This project seems to have established itself sufficiently that is reasonable to expect it to be an exemplar for early 5G and what it promises for a while yet. It’s also good to see at least some parts of Europe having a good go at keeping up with China and the US in the 5G race.

BariMatera5G network slide

ZTE claims its slicing 5G up faster than everyone else

ZTE has stepped up to claim it has released the world’s first 5G E2E network slicing solution across 5G RAN, core network and bearer network.

Should the claim prove to be accurate it would certainly put ZTE into a strong position as the major vendors jostle for position ahead of the upcoming 5G windfall. Enabling a physical network to be allocated across several virtualised network slices for different usecases and services would certainly be an attractive proposition for customers.

“The release of the 5G E2E network slicing solution is a key milestone towards the 5G commercialization,” said You Yan, Vice President at ZTE. “It not only provides an industrial leading implementation method of network slice, but also turns the network slice into an operational and valuable product for the vertical industry, inaugurating a new mode of the 5G network slice operation.

“ZTE vigorously attempts to promote the cross-border integration of the 5G and the vertical industry, stimulates massive application innovations, realizes a perfect combination of 5G’s social and commercial values and builds up a digital economy ecosystem.”

The team has stated the new solution will also support life-cycle management of end-to-end network slices through its intelligent operation and orchestration system, as well as on-demand customization of network slices and the real-time provisioning. With a gluttony of usecases being discussed by the 5G blue-sky thinkers, such as industrial control, automatic driving, intelligent power grid and remote medical treatment, network slicing has become an important talking point in the industry.

The product release is just one of numerous positive announcements which have come out of the ZTE press office in recent months. Whether it is sourcing cash to invest further in R&D or growing revenues against the backdrop of a sluggish landscape, ZTE is certainly making positive moves as the 5G promise starts to mature.

What should be worth noting is that while ZTE is shouting the loudest for the moment, it isn’t the only one playing in this field. Back in September, Huawei successfully demonstrated a 5G network slicing application for smart grids, while Ericsson has also been exploring the possibilities with BT.

Telefónica and Netsia slice and dice RAN

Telefónica and Netsia have announced the successful integration of Netsia’s Virtual LTE RAN Platform into Telefónica’s Global Network Labs.

As part of Telefónica’s virtualization project UNICA, the pair have been working towards reproducing a Private LTE network with the ability to be sub-divided into multiple slices in Telefónica’s Madrid Labs. At RAN level, such a proposition can offer different performances, latencies, and radio resources to different sets of customers. As a result of this integration, it is believed SDN/NFV techniques can be applied to the RAN.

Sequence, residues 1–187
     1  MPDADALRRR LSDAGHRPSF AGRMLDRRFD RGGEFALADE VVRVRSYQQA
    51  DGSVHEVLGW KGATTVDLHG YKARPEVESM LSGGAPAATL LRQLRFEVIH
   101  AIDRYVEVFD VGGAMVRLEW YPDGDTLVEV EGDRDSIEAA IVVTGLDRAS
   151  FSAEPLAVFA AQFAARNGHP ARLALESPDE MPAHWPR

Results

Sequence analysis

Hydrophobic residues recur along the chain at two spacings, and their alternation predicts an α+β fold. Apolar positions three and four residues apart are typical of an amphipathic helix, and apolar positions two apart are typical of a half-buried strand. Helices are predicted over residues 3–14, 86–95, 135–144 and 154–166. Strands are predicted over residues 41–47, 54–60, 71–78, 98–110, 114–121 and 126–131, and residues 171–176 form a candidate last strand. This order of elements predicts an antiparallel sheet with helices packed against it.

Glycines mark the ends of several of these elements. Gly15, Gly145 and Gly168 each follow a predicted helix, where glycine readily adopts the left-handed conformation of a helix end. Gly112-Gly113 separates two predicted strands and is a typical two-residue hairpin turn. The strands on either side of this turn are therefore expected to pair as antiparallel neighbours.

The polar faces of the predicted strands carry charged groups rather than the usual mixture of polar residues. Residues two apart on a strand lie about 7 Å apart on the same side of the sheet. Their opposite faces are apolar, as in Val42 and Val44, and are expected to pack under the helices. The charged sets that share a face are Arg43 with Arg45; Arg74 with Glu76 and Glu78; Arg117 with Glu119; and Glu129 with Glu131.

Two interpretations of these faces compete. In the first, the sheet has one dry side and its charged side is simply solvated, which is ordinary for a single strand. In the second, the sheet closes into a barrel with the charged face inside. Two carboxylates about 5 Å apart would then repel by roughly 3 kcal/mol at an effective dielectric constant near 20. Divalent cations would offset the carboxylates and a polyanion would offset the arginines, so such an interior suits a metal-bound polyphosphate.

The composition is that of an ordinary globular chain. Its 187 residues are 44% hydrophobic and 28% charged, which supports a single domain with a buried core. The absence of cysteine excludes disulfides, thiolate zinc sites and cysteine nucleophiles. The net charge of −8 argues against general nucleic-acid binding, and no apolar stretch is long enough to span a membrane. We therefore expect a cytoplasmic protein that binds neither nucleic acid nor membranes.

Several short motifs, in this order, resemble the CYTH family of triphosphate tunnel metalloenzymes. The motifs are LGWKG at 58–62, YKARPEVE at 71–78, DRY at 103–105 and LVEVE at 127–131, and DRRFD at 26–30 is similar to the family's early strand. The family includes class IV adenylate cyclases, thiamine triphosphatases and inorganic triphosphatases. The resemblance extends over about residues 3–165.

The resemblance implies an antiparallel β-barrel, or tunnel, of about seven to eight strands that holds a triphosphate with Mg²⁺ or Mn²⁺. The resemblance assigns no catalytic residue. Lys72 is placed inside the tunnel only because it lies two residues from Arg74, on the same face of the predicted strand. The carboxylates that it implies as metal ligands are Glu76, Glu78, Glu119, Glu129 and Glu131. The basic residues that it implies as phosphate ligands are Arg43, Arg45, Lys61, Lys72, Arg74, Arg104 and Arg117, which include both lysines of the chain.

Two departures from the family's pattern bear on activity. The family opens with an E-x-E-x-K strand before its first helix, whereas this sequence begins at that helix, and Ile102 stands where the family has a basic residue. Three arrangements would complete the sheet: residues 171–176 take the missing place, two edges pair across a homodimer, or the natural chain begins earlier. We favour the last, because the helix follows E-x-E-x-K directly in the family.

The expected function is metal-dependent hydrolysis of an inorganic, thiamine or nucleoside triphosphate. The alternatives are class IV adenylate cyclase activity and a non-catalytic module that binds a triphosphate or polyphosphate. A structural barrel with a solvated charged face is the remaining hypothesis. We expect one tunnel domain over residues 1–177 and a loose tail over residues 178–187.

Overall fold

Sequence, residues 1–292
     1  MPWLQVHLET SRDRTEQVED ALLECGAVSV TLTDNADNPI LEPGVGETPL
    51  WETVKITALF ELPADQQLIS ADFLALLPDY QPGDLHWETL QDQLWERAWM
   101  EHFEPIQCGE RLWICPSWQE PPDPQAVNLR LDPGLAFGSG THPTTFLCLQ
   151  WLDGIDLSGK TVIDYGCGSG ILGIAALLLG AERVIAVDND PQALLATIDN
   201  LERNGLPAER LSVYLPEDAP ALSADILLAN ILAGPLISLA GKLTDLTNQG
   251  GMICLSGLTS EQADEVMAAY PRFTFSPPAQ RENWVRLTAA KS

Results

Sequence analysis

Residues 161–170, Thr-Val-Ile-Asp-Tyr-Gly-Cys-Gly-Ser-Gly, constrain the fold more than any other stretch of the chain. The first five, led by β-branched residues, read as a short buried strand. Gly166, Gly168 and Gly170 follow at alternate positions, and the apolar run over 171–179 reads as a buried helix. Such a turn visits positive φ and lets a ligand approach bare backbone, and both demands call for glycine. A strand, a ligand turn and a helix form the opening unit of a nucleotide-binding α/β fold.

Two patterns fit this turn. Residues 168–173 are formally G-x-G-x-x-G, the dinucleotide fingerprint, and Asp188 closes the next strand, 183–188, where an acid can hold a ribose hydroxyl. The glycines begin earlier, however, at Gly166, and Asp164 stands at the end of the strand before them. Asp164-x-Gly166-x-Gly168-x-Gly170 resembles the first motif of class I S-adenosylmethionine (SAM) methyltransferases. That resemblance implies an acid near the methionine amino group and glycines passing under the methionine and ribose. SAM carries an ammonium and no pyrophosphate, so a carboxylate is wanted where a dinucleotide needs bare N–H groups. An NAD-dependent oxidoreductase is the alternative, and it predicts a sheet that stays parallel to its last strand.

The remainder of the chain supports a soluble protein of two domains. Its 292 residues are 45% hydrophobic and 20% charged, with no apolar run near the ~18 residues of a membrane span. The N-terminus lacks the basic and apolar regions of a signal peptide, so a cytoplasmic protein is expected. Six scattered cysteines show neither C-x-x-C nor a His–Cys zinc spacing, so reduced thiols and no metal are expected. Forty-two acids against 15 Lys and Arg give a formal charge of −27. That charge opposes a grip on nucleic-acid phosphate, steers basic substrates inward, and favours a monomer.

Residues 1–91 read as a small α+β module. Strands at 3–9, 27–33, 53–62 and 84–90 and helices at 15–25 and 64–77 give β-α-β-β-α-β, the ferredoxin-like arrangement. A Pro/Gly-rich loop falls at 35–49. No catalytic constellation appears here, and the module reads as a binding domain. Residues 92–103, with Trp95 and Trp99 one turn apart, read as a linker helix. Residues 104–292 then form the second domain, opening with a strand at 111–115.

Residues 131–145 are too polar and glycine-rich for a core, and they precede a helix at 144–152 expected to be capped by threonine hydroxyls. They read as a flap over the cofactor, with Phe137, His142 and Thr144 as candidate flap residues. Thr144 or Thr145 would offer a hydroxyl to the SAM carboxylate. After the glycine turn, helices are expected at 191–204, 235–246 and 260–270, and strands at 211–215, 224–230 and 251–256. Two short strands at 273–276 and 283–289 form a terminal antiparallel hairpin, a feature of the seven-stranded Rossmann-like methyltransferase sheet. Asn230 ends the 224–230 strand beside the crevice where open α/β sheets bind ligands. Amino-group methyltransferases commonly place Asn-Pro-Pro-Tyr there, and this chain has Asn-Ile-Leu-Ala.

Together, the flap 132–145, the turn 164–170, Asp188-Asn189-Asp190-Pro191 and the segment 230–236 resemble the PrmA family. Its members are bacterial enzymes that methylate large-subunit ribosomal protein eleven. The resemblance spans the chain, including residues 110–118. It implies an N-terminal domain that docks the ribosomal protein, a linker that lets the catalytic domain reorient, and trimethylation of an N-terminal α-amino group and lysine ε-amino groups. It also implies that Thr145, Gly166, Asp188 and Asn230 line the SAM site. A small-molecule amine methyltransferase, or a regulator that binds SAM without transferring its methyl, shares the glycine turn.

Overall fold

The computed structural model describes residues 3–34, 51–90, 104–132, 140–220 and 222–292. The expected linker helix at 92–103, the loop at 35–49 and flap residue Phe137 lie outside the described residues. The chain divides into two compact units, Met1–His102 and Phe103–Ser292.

The product in question from Netsia is ProgRAN, which is described as a a programmable Software Defined Network (SDN)-based Radio Access Network framework. ProgRAN virtualizes the wireless channel resources allowing a remote controller to ‘slice the network’ into multiple virtual sub-networks.

“The integration of Netsia’s Virtual LTE RAN Platform into a commercial LTE core in our Labs is an important step forward to demonstrate that an end-to-end network slicing for 5G networks is possible, from the core to the RAN, and how it can be applied to specific service environments, like that of a virtual Private LTE network,” said Juan Carlos García, Telefónica’s Technology and Architecture Global Director.

“ProgRAN’s dynamic RAN slicing capability carries the potential to link network services to new commercial opportunities for operators”. Oguz Oktay, Netsia’s VP of Wireless Solutions. “ProgRAN allows RAN to programmatically adapt itself to different service requirements and customer experience needs.

“This means that an operator will be able to offer network functions to many different industries, such as IoT, healthcare or automotive, using a RAN-As-A-Service business model. Netsia’s virtual Private LTE platform integrated into Telefónica’s Global Network Labs using a commercial LTE core successfully demonstrates an example for how RAN slicing may be leveraged for new, revenue generating service opportunities.”

While it might sound very technical, and thusly relegated to the basement dwellers in the IT department, this is a useful step forward for network slicing advocates. A good usecase example is a hospital, where wireless resources are shared among doctors, patients, visitors, objects and other people. Should robotic surgery or AI applications for diagnosis be a realistic ambition, such separation of the airwaves would be seen as a critical step. After all, you wouldn’t want a cat video causing buffering in triple-bypass surgery.